Parents and young people, we are engaged in a fierce battle. I am not talking about the battle against drunkenness, laziness, or the movies and music of this world, or even about the church’s fight against false doctrine, although we war against those things. The enemy we face lurks in the colleges and universities, the news networks, radio programs, movies, and in certain churches. It dresses up in many different kinds of clothes, so you may not have noticed even if it slipped into your house through the back door.
Satan has been lying for six thousand years. The armor of the church shows the wear and tear of heavy and toilsome battle against numerous lies throughout history: the heresy of Arminius, the deception of evolutionism, the ungodly philosophies of the Enlightenment period, and on and on. Now, one of Satan’s lies is found in what is called postmodernism. As indicated by the word itself, postmodernism comes after the modern period. The modern period was largely brought on by the Enlightenment, and extended roughly to the early to mid-1900s. The modern period concerned itself with being able to come to definite conclusions. In that sense, truth was knowable, and certain conclusions could be made about reality. Then, increasingly more and more, postmodern thought crept onto the scene. While the roots of postmodernism cannot be exactly located, much of its beginning, especially in America, sprouted out of the tumultuous 1960s. During this time, and up until our day, facts and realities of this world have been questioned. What does it mean to live in a postmodern age? It means that people—specifically what people we will get to in these articles—question the ability to come to any conclusions about reality; it questions whether truth is actually knowable; it means asking many questions without having many answers. In this first article, we consider the postmodern threat in universities.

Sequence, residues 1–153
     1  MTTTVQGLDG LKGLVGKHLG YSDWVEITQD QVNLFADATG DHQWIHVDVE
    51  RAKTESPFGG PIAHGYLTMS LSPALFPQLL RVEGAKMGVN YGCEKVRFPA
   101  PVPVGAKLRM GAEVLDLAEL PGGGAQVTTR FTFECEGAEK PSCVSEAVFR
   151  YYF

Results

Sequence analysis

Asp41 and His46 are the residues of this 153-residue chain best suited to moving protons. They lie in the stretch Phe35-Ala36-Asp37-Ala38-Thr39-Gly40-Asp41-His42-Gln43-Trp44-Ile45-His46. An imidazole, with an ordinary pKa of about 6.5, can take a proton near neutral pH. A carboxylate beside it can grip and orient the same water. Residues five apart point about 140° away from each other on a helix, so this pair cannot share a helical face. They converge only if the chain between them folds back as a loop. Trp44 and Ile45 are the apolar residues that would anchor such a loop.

“So,” you might ask, “why does this concern me as a parent or as a student in high school or college”? I am compelled to write this article because, just having finished university, I realize more than ever the threat that postmodernism poses in post-secondary education. Still, you ask, “so what”? This is why the matter is so serious: postmodernism, which attacks truth and the ability to know it, attempts to destroy our worldview which has for its very foundation the truth of God’s Word.
Although postmodernism is a somewhat vague, mysterious force in the universities and colleges, we must not shy away from seeking to identify it so that we can know what we fight against. Let us identify some symptoms. If you are in college, or anywhere else for that matter, have you ever heard someone say, “I feel that…,” instead of “I know that…,” even on relatively clear issues? If you attend a Christian college, has your theology or religion professor questioned basic truths of Scripture, basing what he says upon the changing winds of popular opinion in the church world? If you attend a college or university, have you ever sensed the overwhelming acceptance of all kinds of ideas, behaviors, and opinions? If so – and the symptoms are certainly not limited to these—your school may be suffering from a violent bout of postmodernism.
I do not believe we live in a day yet in which professors try to stuff their agendas down students’ throats. In our day of tolerance and political correctness (cousins, or perhaps daughters of postmodernism), I do not believe the classroom is a very intimidating atmosphere, even for Christians. If you talk about your Christian faith, a response you might receive from your professor is, “That is great you have such strong faith and commitment”! The problem is, the professor, whether forced by the university or not, must say the same thing to atheists, Buddhists, New Agers, homosexuals, and Muslims. Now, this may not be every student’s experience. Maybe you have had a professor that has ridiculed you for your Christian faith. But by and large, in our day of tolerance, Christian students are still somewhat protected and able to voice their faith.